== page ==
and amazing friend, and for keeping up with all the crap. Click here
for a picture of baby Rosa.
- - - August 19, 2001 - - -
Michael Azerrad, author of the popular Nirvana book "Come As You Are: The Story
of Nirvana" published a new book last month. The new book "Our Band Could Be Your
Life : Scenes from the American Rock Underground, 1981-1991" is a portrait of the
1980s underground music scene, with everything that involves; "Music journalist
Azerrad (Come As You Are: The Story of Nirvana) makes it clear through his tales
of 13 highly influential punk and indie rock bands from Black Flag to Beat Happening
that his subjects could have easily been any misshapen, angst-filled, morbidly creative
teens on the planet. In painting the portrait of the volatile 1980s underground music
scene, he reveals the importance of subversive-minded musicians in an industry controlled
by hit-hungry executives. Azerrad, however, is careful not to glorify this era: sprinkled
throughout his inspiring pictures of musical revolt are details of the poverty and
drug-induced dilemmas each band faced on its path to cult icon status. Featuring original
interviews with the scene's leading lights (e.g., Thurston Moore of Sonic Youth), this
collective biography is written in a cultured voice that even low-brow, in-the-know
fanzine readers will appreciate." Review courtesy of amazon.com. The book is 528 pages
and carries the ISBN: 0316063797. It was published by Little Brown & Company. You can
purchase it online at www.amazon.com.
After almost 12.500 votes, I thought it was about time to end the latest NFC Poll;
"Who should be in charge of the next Nirvana release?" Here are the final results:
'Krist and Dave' - 9847 votes (79%), 'Courtney Love' - 645 votes (5%), 'Krist, Dave
& Courtney' - 1285 votes (10%), 'Nirvana's record label' - 399 votes (3%), - 'Nirvana's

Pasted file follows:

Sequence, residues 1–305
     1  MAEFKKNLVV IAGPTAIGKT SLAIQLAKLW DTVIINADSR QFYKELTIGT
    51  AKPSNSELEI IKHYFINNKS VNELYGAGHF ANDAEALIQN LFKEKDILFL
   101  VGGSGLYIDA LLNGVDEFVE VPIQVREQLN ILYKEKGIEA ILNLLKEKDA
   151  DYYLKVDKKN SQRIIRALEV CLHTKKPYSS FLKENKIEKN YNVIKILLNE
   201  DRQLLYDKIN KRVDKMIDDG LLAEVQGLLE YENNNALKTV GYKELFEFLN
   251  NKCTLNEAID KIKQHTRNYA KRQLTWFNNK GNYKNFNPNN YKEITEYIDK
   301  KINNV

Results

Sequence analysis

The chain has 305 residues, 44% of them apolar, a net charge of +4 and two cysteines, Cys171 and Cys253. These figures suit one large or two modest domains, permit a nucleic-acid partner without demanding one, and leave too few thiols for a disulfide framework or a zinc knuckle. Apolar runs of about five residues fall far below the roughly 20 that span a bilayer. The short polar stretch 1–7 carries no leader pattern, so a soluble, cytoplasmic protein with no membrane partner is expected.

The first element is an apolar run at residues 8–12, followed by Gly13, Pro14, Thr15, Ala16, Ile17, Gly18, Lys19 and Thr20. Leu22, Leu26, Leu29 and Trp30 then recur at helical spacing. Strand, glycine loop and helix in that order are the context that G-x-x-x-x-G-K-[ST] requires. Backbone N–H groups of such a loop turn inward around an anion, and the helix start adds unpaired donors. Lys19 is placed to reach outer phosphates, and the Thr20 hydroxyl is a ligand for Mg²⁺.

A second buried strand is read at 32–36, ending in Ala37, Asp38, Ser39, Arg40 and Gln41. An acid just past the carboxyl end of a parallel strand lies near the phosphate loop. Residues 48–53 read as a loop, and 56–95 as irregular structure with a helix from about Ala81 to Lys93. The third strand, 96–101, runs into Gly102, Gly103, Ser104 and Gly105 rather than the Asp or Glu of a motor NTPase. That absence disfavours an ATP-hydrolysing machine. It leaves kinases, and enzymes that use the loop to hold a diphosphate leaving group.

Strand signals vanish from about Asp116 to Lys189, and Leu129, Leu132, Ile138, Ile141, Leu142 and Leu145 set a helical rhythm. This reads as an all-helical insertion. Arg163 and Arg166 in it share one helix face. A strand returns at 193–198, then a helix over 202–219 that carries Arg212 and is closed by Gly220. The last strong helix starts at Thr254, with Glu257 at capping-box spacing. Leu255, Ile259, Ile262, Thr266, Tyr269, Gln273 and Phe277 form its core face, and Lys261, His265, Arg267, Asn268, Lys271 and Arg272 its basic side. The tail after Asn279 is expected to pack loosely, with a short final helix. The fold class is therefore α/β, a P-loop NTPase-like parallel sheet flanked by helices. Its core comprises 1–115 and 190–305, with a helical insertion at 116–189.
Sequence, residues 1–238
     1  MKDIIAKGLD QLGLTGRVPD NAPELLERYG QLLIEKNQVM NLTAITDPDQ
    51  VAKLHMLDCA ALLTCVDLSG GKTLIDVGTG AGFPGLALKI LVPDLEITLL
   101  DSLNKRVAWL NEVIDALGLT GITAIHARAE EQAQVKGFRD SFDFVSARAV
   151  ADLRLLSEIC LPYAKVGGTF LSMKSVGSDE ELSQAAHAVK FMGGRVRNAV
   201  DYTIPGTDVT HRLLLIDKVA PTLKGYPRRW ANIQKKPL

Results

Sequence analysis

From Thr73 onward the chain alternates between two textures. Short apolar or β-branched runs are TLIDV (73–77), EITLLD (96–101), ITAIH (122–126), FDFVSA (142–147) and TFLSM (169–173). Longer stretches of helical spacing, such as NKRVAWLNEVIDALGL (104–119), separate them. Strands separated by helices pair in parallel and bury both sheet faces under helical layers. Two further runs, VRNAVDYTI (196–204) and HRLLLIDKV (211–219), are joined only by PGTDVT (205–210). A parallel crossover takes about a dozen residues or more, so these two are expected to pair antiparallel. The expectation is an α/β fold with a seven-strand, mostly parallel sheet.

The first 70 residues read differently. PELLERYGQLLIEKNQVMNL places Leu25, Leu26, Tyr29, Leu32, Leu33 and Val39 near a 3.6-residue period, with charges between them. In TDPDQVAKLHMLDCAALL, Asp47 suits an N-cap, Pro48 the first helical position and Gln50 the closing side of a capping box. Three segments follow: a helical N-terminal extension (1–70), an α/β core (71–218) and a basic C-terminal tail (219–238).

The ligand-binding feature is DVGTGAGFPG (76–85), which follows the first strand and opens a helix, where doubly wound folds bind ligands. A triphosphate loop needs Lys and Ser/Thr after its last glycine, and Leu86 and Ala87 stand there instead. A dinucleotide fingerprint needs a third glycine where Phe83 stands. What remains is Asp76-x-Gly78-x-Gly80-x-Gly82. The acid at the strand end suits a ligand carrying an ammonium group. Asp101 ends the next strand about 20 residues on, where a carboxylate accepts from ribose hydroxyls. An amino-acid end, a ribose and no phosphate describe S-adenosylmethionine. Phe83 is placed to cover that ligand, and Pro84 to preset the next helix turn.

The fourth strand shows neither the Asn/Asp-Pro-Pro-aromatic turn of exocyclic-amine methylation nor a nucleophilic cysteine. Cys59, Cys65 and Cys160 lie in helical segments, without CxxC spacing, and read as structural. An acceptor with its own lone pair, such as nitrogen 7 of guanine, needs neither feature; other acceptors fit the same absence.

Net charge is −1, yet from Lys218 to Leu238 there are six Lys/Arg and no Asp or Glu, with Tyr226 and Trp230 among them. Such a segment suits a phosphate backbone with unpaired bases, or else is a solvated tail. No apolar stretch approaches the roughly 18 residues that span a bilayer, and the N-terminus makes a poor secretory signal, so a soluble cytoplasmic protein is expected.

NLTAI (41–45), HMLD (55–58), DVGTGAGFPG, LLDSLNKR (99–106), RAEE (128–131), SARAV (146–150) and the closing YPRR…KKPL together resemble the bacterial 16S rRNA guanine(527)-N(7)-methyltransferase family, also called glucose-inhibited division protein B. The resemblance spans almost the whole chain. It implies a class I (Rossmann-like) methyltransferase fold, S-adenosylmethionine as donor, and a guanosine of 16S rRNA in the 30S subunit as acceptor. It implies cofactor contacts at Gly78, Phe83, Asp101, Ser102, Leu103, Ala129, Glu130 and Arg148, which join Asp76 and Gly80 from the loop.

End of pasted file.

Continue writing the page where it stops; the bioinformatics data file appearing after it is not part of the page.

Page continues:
management' - 271 votes (2%). The result, based on exactly 12.447 unique votes, is pretty
clear. Almost 10.000 of the fans who took the time to vote feel that Krist Novoselic and Dave Grohl
should be the ones in charge of the forthcoming boxed set, while only 5% voted for Courtney Love.
Funnily, the poll had pretty much the same result even after just 500 votes. The next poll
"What do you think is the best book about Kurt Cobain and/or Nirvana?" is now available.
CNN online put up an interesting review of the "Heavier Than Heaven" book, including
comments from the author; "'Heavier Than Heaven' documents in unblinking detail Cobain's
descent from an innocent, tow-headed boy living in an Aberdeen trailer park with Mom, Dad
and Sister to a pot-smoking, acid- taking teenage product of a messy divorce who lived on
the streets. And then there is the contradictory turn in Cobain's life: Once he achieved the
highest success his art form could offer, and once he married Love and became a father, he
fell into depression and heroin addiction, finally ending his life with a shotgun blast. At
the time of the suicide, Cobain had enough heroin in his bloodstream to kill him, Cross reports.
'It's like the Titanic,' Cross says of his book. 'You know the ship is going to go down.' But
he felt it necessary to objectively document the life of Cobain, sadness and all. 'I felt my
commitment was to Kurt, to tell the story, even when it was very painful and even when it made
him look bad,' Cross says. 'I really wanted to treat him as a historical figure not unlike you
would treat a political figure and to write about the circumstances of his life.' " Courtesy
of Cable News Network LP, LLLP. Read the full article here.
Also check out this
review from Entertainment Weekly. View a scan from the magazine version of the EW article here,
courtesy of Amanda. Here are some more scans from the magazine; #1,
#2, #3, #4,
#5 - all courtesy of Jordana.
The above CNN story mentions a tape of the first ever Nirvana performance; "Krist Novoselic, the
future Nirvana bassist, and a drummer named Aaron Burckhard played with Cobain. The band was so
green, it didn't even have a name. But it had several Cobain-penned songs that would later be
featured on Nirvana albums, including 'Downer,' 'Mexican Seafood,' and 'Hairspray Queen.' 'I
couldn't believe it was taped,' says Cross, talking on the phone recently from his home in
Seattle, Washington. 'If you think about that, the historical significance of having a tape
of the first concert by any band -- the Beatles, the Rolling Stones, or Nirvana -- it's amazing.